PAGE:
Every Kid Outdoors: Family Guide To The National Parks

If you have a fourth-grader you likely understand the need to get them out into the great outdoors. Thankfully our National Park System agrees and has created the Every Kid Outdoors program. This past year we took advantage of this program and visited 15 National Parks in a month. We were so thankful to get into all of them for free due to the Every Kid Outdoors pass. It was an amazing experience and we hope to encourage other families to do the same.

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How Does Every Kid Outdoors Work?

Originally referred to as Every Kid In A Park, the program name was changed to Every Kid Outdoors in 2019. Every Kid Outdoors is a National Park System program that provides 4th-grade students free entrance into over 2,000 federal lands and waters. The pass provides fourth graders the opportunity to explore and learn about US wildlife, history, and resources. The pass admits all children under 16 and all adults in up to one non-commercial passenger vehicle. It also covers standard amenity fees at National Parks, Forest Service, Bureau of Land Management, Bureau of Reclamation and US Army Corps of Engineers sites. The pass is valid for the school year and expires at the end of August. So for the 2021-2022 school year the pass is valid September 1, 2021-August 31, 2022.

Who Qualifies For The Every Kid Outdoors Pass?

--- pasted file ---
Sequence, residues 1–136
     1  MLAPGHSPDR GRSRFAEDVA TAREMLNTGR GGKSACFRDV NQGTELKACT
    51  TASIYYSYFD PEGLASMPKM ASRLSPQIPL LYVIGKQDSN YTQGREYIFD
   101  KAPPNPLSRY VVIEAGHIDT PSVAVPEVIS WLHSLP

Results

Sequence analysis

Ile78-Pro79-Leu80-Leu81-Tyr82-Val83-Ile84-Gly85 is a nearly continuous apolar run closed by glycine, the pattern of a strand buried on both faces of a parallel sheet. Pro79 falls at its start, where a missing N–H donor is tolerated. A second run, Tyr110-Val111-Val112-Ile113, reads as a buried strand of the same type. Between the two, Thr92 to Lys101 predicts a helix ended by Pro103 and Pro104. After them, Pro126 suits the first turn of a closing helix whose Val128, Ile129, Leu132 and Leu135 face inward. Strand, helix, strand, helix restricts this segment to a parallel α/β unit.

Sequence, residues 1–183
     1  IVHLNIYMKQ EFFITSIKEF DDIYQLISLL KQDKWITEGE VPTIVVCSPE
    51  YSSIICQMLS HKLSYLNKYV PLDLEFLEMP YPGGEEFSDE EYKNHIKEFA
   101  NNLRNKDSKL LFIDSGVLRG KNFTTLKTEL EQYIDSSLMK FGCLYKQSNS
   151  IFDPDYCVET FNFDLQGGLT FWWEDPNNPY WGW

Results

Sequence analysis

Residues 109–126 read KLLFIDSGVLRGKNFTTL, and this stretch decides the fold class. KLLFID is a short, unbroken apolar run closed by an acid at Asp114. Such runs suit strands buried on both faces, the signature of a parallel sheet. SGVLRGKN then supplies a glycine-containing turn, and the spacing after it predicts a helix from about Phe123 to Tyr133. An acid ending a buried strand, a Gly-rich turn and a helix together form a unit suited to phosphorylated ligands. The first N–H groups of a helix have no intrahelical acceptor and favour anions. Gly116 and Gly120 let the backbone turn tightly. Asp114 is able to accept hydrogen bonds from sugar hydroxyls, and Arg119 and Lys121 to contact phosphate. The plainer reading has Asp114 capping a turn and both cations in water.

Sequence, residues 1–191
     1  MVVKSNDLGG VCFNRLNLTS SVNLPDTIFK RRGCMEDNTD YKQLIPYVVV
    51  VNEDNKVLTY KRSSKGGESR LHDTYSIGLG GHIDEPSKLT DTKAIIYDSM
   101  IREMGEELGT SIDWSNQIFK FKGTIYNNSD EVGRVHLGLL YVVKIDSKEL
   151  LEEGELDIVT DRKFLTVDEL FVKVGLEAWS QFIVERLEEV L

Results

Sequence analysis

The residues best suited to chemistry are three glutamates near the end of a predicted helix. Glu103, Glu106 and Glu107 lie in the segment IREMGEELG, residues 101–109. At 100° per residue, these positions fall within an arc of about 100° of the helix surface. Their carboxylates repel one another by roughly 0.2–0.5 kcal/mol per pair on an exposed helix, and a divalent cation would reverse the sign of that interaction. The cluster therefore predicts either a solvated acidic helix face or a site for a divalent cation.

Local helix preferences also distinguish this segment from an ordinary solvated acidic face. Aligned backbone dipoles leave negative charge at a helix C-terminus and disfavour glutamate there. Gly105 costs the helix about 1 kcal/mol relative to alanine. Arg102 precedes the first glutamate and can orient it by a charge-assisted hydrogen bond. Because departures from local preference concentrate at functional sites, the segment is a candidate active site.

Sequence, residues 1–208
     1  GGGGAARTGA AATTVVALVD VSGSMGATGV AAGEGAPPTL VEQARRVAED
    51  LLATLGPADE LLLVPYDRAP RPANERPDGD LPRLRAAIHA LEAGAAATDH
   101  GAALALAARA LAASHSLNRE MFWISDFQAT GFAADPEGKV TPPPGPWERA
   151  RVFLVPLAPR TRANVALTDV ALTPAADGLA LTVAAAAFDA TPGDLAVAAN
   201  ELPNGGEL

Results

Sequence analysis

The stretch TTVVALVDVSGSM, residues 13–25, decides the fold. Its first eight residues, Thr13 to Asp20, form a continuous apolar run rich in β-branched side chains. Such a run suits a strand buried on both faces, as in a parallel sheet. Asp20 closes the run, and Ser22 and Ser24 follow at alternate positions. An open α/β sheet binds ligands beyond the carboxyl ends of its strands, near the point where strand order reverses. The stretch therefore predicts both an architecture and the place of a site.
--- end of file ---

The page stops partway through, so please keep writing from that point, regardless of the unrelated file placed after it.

The Every Kid Outdoors Pass is available for all 4th-grade students (homeschool and free-choice students included).

Boy holding Every Kid Outdoors 4th grade National Park pass
Our son with his fourth-grade pass

Why Fourth Graders?

When we took our trip out West I joked that the park service must know how interesting (and I use that term loosely 🙂 fourth graders are and that is why they chose fourth graders for this honor. In reality, a study was done that showed that children ages 9-11 are at the prime age to begin learning about the world around them. It was thought that this openness would provide the perfect opportunity for students to explore and learn more about our nation’s history and connect with nature. We found this to be true with all of our children. The opportunity to explore the parks was something I think they will never forget. They learned so much not only about the sites we visited but they also made beautiful connections with nature and the people they encountered.

How Do You Get a 4th Grade National Park Pass?

To get the pass for your child head over to everykidoutdoors.gov. Next, there will be a short activity for your child to complete and then they will be presented with a printable voucher. Print the voucher as electronic versions will not be accepted. Finally, head out to your favorite park. Once you arrive at the park show your printed voucher to the ranger. In our experience, the ranger typically asks to see the fourth-grader. Have your fourth grader give a little wave. Depending on which park you attend, on your first visit they may replace your paper pass with a plastic Every Kid Outdoors pass as pictured above. You may now use this plastic card to get into the other parks you visit. If there is no ranger present simply place your pass on the dashboard of the car.

Who Gets In Free With The Pass?

If you enter a park that charges a per vehicle fee, the pass covers all children under 16 and all adults in one vehicle. If your party happens to be arriving in two vehicles, sorry you are a little out of luck. Only the vehicle with the pass holder will be admitted free. The other vehicle in your party will need to pay the standard admission fee. Commercial vehicles cannot use a pass to get in.

For parks with a per person fee, the pass will cover all children under 16 years of age and up to three adults. The same is true if you are entering a park by bicycle.

What Is Not Included In The Every Kid Outdoors Pass?